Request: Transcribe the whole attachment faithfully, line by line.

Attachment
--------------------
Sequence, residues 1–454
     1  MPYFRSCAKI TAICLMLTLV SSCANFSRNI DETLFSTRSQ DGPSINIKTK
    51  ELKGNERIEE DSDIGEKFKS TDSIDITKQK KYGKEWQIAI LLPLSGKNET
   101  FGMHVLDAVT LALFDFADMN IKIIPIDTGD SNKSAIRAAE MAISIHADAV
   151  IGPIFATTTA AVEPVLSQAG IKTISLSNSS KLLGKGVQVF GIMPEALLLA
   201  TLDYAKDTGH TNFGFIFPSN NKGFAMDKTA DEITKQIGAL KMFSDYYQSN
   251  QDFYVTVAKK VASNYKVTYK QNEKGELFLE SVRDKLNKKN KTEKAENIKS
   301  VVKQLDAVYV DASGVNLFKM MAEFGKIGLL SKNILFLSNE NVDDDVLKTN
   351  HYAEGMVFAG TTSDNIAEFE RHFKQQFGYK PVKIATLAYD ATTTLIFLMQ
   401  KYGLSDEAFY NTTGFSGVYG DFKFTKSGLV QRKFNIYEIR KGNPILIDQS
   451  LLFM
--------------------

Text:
Sequence, residues 1–454
     1  MPYFRSCAKI TAICLMLTLV SSCANFSRNI DETLFSTRSQ DGPSINIKTK
    51  ELKGNERIEE DSDIGEKFKS TDSIDITKQK KYGKEWQIAI LLPLSGKNET
   101  FGMHVLDAVT LALFDFADMN IKIIPIDTGD SNKSAIRAAE MAISIHADAV
   151  IGPIFATTTA AVEPVLSQAG IKTISLSNSS KLLGKGVQVF GIMPEALLLA
   201  TLDYAKDTGH TNFGFIFPSN NKGFAMDKTA DEITKQIGAL KMFSDYYQSN
   251  QDFYVTVAKK VASNYKVTYK QNEKGELFLE SVRDKLNKKN KTEKAENIKS
   301  VVKQLDAVYV DASGVNLFKM MAEFGKIGLL SKNILFLSNE NVDDDVLKTN
   351  HYAEGMVFAG TTSDNIAEFE RHFKQQFGYK PVKIATLAYD ATTTLIFLMQ
   401  KYGLSDEAFY NTTGFSGVYG DFKFTKSGLV QRKFNIYEIR KGNPILIDQS
   451  LLFM